> We blame everything except the OS, mostly because we don't want to cast doubt on the wisdom of Linus, and the sanctity of Linux.
Why single out Linux here? Every Unix fits this (except maybe SELinux). And then, does Windows also fit here?
Because we're mostly Linux users, but yeah, Windows, MacOS, SELinux all suck.
"Affordances" are a UI design concept - they're things that the design of an object makes you think you can do with that object, if that makes sense. In this context, door handles afford being pulled (because they stick out of the door and you want to pull the door, so you pull the handle), buttons afford being pressed (because they are small, often labelled with a function, and project above the surface they're embedded in), etc.
So yes, I think you're right that it's a word-play between the UI design concept and the cost of implementation concept.
And in the modern UI, all those small "hints" at how the interface can be used are being steadily removed: links, buttons, text fields, etc. all pretend to be static text.
Given that affordances is defined as "the quality or property of an object that defines its possible uses or makes clear how it can or should be used," I think it refers to how modern UI designers obfuscate the entire power of a system behind easy to use functionality that is aimed at mostly non-technical users, leaving those who have the capability to mold it to their preferences and customize it at a disadvantage. I guess affordability is then a word play on affordances.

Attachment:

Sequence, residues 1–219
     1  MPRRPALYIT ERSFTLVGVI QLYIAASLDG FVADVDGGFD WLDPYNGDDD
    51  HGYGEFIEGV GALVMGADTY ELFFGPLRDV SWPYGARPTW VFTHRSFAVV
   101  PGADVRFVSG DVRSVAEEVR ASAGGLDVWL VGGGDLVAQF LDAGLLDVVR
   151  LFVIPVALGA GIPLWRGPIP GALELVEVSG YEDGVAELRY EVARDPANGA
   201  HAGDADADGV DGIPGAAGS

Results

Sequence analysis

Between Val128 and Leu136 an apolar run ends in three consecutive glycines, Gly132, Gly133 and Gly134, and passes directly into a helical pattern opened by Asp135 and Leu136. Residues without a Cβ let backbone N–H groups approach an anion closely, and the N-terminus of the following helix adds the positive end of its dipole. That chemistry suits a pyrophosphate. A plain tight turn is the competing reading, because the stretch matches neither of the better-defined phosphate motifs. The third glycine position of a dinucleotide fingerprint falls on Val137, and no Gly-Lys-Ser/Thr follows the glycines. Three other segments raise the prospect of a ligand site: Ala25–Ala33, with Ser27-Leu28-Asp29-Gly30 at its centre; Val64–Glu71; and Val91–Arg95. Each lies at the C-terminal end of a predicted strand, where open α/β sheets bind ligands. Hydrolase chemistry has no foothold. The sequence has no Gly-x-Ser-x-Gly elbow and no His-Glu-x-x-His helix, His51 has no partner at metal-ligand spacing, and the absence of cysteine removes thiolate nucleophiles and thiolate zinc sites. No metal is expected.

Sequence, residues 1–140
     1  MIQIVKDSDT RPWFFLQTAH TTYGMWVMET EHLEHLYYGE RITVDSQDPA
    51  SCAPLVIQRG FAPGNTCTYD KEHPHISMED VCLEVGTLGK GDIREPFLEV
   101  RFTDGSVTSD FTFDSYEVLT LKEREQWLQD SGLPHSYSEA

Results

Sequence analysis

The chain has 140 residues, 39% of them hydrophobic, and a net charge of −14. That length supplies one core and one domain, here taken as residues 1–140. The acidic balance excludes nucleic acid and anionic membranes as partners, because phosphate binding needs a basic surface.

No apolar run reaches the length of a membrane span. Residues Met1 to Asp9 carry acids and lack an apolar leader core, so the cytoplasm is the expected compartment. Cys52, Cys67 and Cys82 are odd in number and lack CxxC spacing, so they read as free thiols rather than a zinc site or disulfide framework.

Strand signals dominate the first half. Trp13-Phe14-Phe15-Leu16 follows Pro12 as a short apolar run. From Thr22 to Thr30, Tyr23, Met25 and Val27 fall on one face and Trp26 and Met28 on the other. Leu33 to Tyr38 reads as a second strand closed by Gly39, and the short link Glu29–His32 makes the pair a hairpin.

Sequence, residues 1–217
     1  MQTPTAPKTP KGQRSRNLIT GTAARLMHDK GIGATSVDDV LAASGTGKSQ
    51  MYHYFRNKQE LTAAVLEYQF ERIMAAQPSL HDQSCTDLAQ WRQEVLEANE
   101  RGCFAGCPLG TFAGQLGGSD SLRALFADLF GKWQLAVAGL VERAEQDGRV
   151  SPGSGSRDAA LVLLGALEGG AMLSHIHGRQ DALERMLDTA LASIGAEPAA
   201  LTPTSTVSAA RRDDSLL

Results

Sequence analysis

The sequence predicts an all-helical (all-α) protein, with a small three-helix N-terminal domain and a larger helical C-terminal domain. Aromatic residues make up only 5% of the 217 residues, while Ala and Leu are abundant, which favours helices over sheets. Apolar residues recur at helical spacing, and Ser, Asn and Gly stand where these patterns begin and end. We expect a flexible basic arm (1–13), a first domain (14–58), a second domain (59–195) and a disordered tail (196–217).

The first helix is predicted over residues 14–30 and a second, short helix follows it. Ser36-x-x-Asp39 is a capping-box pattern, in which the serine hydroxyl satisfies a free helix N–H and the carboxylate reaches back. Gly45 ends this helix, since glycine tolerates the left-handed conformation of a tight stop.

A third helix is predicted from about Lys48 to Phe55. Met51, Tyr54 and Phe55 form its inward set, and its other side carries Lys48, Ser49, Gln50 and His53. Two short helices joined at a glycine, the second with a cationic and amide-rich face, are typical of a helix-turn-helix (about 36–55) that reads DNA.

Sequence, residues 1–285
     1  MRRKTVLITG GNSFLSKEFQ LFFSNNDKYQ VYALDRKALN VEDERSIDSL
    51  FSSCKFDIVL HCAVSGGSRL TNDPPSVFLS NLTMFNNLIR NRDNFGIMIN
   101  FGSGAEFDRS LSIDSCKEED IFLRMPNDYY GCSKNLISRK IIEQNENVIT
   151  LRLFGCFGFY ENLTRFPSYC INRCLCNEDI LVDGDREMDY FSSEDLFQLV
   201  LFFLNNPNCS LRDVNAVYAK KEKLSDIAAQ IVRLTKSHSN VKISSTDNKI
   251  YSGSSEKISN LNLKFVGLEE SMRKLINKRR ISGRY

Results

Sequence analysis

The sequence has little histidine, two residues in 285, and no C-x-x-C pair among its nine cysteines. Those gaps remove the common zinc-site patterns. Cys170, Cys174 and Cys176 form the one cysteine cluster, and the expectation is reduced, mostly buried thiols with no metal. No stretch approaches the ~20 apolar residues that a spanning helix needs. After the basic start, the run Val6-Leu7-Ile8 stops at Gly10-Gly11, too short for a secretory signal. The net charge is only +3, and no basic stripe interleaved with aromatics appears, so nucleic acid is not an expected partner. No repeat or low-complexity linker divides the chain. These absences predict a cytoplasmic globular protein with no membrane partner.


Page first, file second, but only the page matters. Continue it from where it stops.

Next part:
Also - second definition here https://dictionary.cambridge.org/dictionary/english/afford
formal - to allow someone to have something pleasant or necessary: * The hut afforded little protection from the elements. * Her seat afforded her an uninterrupted view of the stage.
Some people have been doing it for a long time.
After that happens we switch to neural chips, using the pc.
Yes, I'm sure it was intentional. I guess the sad part is that fewer programmers will get this pun now vs in the past.